21st century learning in elementary schools

The United States’ approach to education has been changing rapidly over the past few years, and the need to address 21st century learning appears to be one of the driving forces. Broadly speaking, 21st century learning focuses on the idea that students need to be prepared to meet the challenges they will face in college and/or their careers after graduating from high school. This can mean everything from being able to compete in an increasingly globalized society to having the ability to use technology effectively and efficiently. Teachers are employing a number of tactics to accomplish this task, from personalized learning to the use of adaptive learning programs.

Admittedly, the concept is pretty broad. After all, how can teachers possibly prepare students to confront all of the challenges they will face in adulthood? Nevertheless, school districts are making the shift to 21st century classrooms and instruction in an effort to encourage students to engage in their learning, think critically, build knowledge and be able to apply what they’ve learned. It all starts in elementary school, and the approach that educators take to instill 21st century skills in young students looks slightly different than what is needed for those in high school.

Adaptive learning programs
While it’s been acknowledged for some time that students have varying levels of academic abilities and learn best in different ways and at different paces, it’s taken awhile for education to catch up. Many school districts are turning to adaptive learning programs to teach their students 21st century skills because they can tailor instruction to each individual student, something which is physically impossible for a teacher responsible for 30-some students to do alone. In elementary schools, teachers most often implement adaptive learning programs as a part of a rotational model, having students participate in stations, one of which involves using the technology.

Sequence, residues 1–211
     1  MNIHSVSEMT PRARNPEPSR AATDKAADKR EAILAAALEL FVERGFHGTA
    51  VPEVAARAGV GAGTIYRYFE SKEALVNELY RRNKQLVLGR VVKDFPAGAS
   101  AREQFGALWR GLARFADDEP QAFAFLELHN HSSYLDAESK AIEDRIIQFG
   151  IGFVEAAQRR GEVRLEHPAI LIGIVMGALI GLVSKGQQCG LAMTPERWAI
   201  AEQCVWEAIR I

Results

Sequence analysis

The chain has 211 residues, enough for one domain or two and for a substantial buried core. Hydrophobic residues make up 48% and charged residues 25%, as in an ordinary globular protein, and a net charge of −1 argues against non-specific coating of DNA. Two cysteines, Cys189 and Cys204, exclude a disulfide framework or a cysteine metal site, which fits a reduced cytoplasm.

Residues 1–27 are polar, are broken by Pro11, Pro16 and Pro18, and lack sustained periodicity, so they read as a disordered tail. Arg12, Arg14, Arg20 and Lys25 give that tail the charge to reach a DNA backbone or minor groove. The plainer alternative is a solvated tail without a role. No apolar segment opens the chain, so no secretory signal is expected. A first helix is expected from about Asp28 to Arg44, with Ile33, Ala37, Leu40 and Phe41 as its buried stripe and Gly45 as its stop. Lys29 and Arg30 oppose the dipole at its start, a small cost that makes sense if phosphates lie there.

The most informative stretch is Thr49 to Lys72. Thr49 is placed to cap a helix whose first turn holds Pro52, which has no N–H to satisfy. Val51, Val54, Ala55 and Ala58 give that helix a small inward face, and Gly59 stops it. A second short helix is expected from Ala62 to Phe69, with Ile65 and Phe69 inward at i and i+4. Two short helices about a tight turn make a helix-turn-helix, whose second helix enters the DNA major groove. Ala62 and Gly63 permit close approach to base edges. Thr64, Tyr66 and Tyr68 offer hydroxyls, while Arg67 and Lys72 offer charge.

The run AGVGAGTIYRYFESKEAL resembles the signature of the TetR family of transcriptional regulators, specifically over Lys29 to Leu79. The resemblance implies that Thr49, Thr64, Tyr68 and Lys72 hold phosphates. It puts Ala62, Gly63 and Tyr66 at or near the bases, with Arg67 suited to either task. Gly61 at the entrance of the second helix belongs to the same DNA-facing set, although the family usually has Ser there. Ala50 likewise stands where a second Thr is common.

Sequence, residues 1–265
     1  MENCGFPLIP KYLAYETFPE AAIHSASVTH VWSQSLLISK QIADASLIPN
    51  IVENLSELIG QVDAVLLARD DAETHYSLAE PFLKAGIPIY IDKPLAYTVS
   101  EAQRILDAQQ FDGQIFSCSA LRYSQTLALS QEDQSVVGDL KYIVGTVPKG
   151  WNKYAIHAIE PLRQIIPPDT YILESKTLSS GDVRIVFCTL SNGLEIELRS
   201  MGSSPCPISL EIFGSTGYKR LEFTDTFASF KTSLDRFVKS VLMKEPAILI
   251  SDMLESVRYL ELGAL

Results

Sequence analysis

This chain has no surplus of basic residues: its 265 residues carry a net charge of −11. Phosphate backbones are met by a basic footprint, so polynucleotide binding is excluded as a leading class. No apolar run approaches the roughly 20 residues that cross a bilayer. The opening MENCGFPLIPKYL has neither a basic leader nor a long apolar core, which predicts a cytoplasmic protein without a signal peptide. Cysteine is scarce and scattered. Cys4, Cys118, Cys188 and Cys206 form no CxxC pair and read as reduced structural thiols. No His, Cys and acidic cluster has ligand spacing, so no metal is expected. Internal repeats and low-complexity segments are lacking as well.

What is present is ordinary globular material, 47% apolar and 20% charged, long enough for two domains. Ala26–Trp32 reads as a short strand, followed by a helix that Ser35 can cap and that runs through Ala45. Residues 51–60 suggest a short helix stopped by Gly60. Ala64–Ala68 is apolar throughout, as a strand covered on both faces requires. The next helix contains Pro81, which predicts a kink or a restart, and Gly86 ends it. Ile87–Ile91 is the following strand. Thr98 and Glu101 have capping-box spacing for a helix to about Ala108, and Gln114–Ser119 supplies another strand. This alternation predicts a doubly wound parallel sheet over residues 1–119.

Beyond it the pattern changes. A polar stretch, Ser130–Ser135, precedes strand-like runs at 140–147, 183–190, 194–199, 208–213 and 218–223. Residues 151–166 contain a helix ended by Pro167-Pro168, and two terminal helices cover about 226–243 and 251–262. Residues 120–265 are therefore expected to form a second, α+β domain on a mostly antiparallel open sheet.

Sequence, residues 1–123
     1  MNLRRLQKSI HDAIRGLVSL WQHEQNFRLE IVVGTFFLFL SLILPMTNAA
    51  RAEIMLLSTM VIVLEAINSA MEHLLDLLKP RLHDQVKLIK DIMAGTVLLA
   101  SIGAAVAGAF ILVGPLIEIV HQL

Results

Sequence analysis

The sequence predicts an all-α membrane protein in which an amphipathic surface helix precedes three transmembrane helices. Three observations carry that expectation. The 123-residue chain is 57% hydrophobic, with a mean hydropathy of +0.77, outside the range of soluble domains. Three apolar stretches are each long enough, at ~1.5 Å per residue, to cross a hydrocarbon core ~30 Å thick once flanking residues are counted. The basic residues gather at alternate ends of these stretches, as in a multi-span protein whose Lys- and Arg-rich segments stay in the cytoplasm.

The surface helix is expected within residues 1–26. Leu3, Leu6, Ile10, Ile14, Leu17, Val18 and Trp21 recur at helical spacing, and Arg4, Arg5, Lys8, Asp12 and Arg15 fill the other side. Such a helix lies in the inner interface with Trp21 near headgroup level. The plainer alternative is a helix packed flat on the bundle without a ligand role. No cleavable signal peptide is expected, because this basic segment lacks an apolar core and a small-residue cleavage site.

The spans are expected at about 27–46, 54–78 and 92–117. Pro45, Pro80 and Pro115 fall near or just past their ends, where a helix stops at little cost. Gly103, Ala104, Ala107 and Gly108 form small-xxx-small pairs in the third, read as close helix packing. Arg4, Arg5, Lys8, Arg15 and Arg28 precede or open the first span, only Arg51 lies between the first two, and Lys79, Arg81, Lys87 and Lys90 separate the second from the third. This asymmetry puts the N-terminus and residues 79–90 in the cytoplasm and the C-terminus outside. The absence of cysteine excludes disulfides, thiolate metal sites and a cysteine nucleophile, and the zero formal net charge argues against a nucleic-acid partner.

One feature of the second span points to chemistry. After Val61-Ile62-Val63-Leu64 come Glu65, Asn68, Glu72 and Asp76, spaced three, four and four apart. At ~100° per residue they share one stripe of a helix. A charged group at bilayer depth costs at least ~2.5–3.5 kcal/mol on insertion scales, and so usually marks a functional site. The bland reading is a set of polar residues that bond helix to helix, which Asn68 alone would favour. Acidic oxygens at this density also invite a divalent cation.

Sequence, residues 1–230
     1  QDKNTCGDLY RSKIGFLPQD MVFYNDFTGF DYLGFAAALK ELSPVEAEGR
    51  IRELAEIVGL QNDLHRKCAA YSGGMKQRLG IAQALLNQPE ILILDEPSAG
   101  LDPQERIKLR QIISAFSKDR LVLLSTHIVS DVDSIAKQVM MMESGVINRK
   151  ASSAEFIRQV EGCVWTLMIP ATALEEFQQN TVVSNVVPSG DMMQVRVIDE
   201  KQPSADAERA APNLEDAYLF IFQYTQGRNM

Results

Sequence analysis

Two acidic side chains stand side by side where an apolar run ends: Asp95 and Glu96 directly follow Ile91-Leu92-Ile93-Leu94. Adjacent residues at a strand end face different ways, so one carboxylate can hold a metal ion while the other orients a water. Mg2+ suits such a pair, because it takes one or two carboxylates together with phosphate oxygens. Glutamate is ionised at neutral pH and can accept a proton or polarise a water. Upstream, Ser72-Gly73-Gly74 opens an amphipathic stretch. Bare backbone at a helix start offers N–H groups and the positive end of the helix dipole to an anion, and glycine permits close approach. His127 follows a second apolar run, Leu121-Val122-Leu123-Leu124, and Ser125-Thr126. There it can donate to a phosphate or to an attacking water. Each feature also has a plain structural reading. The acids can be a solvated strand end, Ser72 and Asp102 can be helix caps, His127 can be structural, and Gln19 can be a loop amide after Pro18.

Build foundations
The skills and knowledge that young students develop in elementary school provide a foundation for learning for the rest of their lives, so it’s important that instruction in the core subject areas doesn’t fall by the wayside. With 21st century learning, the difference is that elementary school educators are taking a multimedia approach to instruction to get students excited about learning this core content. It’s all about encouraging creativity and innovation.

Facilitate
The modern approach to instruction also means that the role of teachers is shifting in the classroom, even within elementary schools. Rather than asking young students to sit quietly while new concepts are explained to them, educators are increasingly taking on the role of the facilitator, connecting kids to new information and encouraging them to explore and think critically.

Video chat